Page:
The Transfer of Undertakings (Protection of Employment) Regulations 2006 (as amended by the 2014 Regulations) (“TUPE”) apply where there is a relevant transfer of a business. A relevant transfer occurs where there is a transfer of an undertaking (or part of an undertaking) to another person and that undertaking retains its identity.
The effect of TUPE is that the employment of the employees affected by the transfer, transfers seamlessly from the Seller to the Buyer. Where a TUPE transfer occurs, there is an obligation on the employer to inform and consult with representatives of the affected employees about certain aspects of the transfer.
As there is a requirement for there to be a transfer of an undertaking to another person in order for TUPE to apply, TUPE will not usually apply where the “deal” is a sale of the shares in the target company. The reason for this is that, in these circumstances, there is no change in the owner of the relevant business, nor the identity of the employer. The target company still owns the business and is still the employer of the employees. Therefore, no TUPE transfer.
However, in the case of Jackson Lloyd Limited & Mears Group Plc v Smith & others UKEAT/0127/13 the Employment Appeal Tribunal held that, in the particular circumstances, TUPE had applied so as to transfer the employment of the affected employees of the target company to its new ultimate parent company following a share purchase.
Jackson Lloyd Limited is a provider of repair and maintenance services in respect of social housing and employed approximately 400 employees. Mears Limited, a subsidiary of Mears Group Plc, purchased the shares of Jackson after Jackson had experienced financial difficulties.
Immediately following the share acquisition, Mears Limited and Mears Group PLC embarked on an integration programme. The members of Jackson’s board were replaced by members of Mears Group, the employees were informed that they would be moving over to Mears Group and the Mears Group systems, policies, procedures and methods were put in place in respect of the Jackson employees.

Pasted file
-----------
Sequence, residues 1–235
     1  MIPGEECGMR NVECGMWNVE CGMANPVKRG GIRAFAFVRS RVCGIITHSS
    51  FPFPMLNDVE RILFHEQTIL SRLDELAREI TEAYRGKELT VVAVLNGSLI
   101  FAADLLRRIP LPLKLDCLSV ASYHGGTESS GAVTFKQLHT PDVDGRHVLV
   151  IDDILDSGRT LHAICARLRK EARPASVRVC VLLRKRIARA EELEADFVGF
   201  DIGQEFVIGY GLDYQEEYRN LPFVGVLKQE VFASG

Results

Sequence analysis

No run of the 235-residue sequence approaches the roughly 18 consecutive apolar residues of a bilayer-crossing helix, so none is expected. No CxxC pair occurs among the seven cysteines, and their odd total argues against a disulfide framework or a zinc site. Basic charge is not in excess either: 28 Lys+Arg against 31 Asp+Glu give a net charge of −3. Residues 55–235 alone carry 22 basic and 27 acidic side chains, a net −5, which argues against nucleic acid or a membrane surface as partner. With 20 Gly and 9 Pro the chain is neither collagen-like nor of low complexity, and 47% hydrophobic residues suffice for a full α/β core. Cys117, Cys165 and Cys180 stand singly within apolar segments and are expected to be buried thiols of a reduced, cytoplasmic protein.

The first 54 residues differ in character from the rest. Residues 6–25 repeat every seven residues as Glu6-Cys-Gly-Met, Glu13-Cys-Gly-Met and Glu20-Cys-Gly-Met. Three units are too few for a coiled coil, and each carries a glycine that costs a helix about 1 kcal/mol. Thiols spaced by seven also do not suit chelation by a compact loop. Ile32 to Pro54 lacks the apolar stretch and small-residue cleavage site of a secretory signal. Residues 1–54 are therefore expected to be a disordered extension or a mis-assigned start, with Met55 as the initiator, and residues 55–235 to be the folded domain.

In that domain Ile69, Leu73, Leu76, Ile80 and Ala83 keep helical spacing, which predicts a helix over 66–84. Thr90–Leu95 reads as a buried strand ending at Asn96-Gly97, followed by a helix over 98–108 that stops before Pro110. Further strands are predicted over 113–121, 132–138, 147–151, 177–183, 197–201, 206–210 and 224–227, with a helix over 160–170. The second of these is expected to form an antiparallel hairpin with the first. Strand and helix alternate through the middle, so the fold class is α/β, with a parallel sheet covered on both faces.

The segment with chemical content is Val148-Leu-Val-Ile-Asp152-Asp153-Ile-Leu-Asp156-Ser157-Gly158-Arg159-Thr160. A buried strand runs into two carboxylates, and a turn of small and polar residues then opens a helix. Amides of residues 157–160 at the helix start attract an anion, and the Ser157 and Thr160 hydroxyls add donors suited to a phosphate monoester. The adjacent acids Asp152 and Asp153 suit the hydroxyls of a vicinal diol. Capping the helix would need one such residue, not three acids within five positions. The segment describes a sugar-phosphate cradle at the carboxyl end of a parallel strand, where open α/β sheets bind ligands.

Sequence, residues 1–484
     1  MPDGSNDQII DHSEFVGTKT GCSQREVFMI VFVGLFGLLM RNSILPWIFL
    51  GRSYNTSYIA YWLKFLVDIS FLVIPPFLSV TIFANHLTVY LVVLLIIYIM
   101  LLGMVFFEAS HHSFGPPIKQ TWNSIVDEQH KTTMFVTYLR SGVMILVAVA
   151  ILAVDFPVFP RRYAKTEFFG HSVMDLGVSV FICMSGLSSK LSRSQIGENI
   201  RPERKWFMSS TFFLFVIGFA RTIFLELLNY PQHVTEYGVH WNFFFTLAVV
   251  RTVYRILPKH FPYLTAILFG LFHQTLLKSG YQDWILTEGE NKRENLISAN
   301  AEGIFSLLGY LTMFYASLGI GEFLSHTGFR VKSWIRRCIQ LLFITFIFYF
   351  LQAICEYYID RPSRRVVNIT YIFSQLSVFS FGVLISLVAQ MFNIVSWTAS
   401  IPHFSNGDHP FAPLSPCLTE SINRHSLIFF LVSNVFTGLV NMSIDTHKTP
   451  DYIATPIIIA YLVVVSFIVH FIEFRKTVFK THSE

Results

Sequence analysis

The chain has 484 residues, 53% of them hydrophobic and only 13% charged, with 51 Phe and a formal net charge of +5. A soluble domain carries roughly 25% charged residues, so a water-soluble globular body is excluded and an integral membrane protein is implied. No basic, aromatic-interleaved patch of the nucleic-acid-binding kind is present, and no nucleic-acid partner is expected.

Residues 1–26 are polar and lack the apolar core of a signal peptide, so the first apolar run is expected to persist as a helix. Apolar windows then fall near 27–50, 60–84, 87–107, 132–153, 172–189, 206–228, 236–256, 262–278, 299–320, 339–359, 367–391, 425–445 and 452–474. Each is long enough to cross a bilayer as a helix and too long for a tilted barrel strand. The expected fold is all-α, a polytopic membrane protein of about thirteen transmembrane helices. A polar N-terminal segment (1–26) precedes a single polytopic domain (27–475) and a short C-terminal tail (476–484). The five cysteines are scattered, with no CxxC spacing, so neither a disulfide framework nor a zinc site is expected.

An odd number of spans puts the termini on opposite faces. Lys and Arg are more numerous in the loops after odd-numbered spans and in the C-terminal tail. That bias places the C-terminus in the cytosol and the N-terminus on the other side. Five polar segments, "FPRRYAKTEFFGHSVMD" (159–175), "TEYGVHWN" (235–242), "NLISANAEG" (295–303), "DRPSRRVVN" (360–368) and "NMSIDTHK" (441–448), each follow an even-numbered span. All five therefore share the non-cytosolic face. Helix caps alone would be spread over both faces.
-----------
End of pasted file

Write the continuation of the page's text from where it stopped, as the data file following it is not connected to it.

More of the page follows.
During and following the integration programme, Mears Group took over full control of the operations and employees of Jackson. No TUPE consultation took place and as a result a number of Jackson’s employees brought claims against Jackson and Mears Group for failure to inform and consult under TUPE.
Jackson and Mears Group argued that there had been no failure to inform and consult as TUPE did not apply to the share acquisition. The EAT held, however, that whilst the original share sale had not been covered by TUPE, the immediate integration of Jackson employees into Mears Group following the acquisition meant that there had been a transfer of the business from one legal person to another. As such there had been a TUPE transfer of the Jackson staff to Mears Group Plc.
As there had been a TUPE transfer and no TUPE consultation had taken place, there had been a failure to inform and consult and the Jackson employees concerned were entitled to a protective award (in essence, an award of up to 13 weeks pay per employee affected by the transfer).
Whilst the general principle that TUPE does not apply to a purchase of shares still exists, this case is an important reminder that if the purchaser of the shares in a target company deals with and manages the business of the newly acquired company following the share purchase in a certain way, TUPE may well apply. In this case, as the integration of the newly acquired company took place immediately after the transfer of shares and the ultimate new parent company took over complete control of the target company (Jackson), TUPE did apply.
It is therefore important to keep this case in mind if following the acquisition of a company’s shares the purchaser wants to integrate the newly acquired into its group.
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